June 8, 2011 – Incumbent service providers got a hard-wrought win in their efforts to battle municipal funding for broadband networks in North Carolina last month, but they appear to be on the wrong side of the trend line as ever more fiber-based initiatives intensify competitive pressures around the country.
The North Carolina legislature, following Republican takeover of both houses in the 2010 elections, reversed previous defeats of the legislation, which creates stiff barriers on whether and where municipalities can use public funds to build fiber networks. Notwithstanding overwhelming legislative support for the measure, Democratic Governor Beverly Perdue refused to sign it while allowing it to become law by not vetoing it.
While asserting the state needs “rules to prevent cities and towns from having an unfair advantage over providers in the private sector,” Perdue in a statement criticized the measure, saying, “My concern with House Bill 129 is that the restrictions the General Assembly has imposed on cities and towns who want to offer broadband services may have the effect of decreasing the number of choices available to their citizens. For these reasons, I will neither sign nor veto this bill.
“Instead, I call on the General Assembly to revisit this issue and adopt rules that not only promote fairness but also allow for the greatest number of high quality and affordable broadband options for consumers.”
The measure, one of the more restrictive among 18 other state measures limiting public funding for broadband, drew widespread attention, including a call in April for its rejection from FCC commissioner Mignon Clyburn. Characterizing the “Level Playing Field/Local Government Competition Act” as a “significant barrier to broadband deployment,” Clyburn said, “This measure, if enacted, will not only fail to level the playing field; it will discourage municipal governments from addressing deployment in communities where the private sector has failed to meet broadband service needs.”
Clyburn noted such bills run counter to the National Broadband Plan, which calls on Congress to make clear that state, regional and local governments should not be prevented from building broadband networks, especially if private providers aren’t willing to provide the facilities. “I fear that preventing local governments from investing in broadband is counter-productive and will impede the nation from accomplishing the Plan’s goal of providing broadband access to every American and community anchor institution,” she said.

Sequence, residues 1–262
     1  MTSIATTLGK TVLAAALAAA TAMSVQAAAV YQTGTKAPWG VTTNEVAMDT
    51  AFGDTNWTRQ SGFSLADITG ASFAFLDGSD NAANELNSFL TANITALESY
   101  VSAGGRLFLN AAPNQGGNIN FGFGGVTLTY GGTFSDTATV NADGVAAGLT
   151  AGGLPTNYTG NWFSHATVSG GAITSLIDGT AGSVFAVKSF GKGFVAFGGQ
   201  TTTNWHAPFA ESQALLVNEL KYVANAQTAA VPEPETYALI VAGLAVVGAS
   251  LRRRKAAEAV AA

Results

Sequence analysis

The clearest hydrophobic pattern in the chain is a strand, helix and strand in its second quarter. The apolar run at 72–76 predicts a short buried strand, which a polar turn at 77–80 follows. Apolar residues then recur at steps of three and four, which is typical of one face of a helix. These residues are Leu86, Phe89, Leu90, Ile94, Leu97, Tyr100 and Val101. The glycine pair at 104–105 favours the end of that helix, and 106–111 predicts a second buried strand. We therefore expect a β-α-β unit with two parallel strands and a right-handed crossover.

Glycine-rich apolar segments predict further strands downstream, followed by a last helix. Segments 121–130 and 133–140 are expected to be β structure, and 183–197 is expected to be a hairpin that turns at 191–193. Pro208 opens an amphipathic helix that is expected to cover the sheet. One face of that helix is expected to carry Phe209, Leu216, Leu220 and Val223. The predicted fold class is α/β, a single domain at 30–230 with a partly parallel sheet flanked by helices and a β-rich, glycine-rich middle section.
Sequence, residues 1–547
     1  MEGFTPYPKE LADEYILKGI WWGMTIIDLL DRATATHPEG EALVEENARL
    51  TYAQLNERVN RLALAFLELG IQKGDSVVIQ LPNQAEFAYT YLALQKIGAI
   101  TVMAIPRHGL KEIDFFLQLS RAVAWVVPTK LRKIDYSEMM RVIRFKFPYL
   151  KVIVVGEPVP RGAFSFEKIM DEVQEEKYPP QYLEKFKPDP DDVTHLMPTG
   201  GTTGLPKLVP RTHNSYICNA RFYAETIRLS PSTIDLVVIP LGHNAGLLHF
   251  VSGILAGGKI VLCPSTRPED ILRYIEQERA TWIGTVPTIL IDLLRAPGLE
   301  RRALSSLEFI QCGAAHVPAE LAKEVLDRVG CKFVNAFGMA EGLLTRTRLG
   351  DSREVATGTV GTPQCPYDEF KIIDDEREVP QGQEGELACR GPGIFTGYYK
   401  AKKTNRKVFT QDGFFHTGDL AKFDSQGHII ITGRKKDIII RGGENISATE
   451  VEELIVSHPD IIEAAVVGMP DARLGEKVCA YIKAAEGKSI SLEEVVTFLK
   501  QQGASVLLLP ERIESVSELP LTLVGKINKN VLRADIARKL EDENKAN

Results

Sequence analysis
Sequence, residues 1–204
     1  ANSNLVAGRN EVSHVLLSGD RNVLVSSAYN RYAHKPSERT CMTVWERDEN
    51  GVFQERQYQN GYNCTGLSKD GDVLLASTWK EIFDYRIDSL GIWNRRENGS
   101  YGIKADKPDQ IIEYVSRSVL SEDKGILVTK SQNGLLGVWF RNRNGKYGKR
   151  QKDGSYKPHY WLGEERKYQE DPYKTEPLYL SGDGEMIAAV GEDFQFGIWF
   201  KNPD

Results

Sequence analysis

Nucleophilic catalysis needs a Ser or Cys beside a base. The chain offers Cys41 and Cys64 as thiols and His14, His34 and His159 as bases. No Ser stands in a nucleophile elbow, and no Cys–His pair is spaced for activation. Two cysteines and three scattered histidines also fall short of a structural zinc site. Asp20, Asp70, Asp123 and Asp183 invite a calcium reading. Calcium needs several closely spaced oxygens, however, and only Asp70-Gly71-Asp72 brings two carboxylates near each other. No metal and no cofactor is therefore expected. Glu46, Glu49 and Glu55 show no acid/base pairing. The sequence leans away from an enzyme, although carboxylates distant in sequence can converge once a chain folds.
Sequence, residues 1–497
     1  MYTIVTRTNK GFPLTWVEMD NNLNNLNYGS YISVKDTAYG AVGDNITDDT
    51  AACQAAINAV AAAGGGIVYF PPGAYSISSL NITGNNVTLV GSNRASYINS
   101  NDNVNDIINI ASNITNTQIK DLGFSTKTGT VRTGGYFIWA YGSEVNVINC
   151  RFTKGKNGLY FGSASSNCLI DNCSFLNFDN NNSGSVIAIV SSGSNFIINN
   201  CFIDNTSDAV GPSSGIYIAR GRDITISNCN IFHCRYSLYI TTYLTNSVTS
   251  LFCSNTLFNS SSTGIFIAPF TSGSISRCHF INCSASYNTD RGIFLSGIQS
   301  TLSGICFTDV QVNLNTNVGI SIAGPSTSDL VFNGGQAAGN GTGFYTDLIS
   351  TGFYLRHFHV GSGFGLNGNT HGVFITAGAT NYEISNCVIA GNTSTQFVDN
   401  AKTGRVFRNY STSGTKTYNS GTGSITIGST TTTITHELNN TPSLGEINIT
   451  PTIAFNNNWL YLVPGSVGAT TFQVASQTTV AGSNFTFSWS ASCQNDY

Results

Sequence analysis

By one count there are now 55 community-owned fiber networks in the U.S. and another 80 or more cable networks under public control. Several are in operation in North Carolina, protected with a grandfather clause from being shut down by the new bill but restricted with respect to how aggressively they can grow their footprints. South Carolina and Arkansas are considering similar measures.
As they press for such legislation, incumbent cable and telephone companies are up against more than just government-funded support for broadband expansion. There’s also growing competition from new competitors, including the communities that Google will be funding with its fiber initiative and the fiber networks built by independent companies like SureWest Communications.
Google at the end of March announced it had selected Kansas City, Kansas from among 1,100 cities competing for construction of the first Google-funded gigabit fiber network. The company said it will work with local organizations, companies and universities to build out the network to deliver fiber services directly to the city’s 150,000 residents at “a competitive price” starting early next year. “We’ll also be looking closely at ways to bring ultra high-speed Internet to other cities across the country,” the company said.
Meanwhile, in nearby Oloathe, Kan., SureWest is gearing up to expand its fiber-to-the-home network by another 5,000 passings, bringing to 15,500 the number of homes that have been added to the company’s 2011 capital plan for the city. SureWest, after pursuing an aggressive fiber build in the Sacramento region near its home base in Roseville, Calif., started building out fiber networks in the greater Kansas City area in 2009 with the result that penetration of the 11,600 homes passed in the first year has reached 34 percent, according to SureWest president and CEO Steve Oldham.
“Our goal is to reach 35-40 percent in total penetration on the new fiber homes, and in just a month we have already achieved 18% sales penetration on the first 2,000,” Oldham said. “In some areas, we are as high as 33 percent. These types of growth opportunities are expected to generate long-term sustainable free cash flow and additional value for our shareholders.”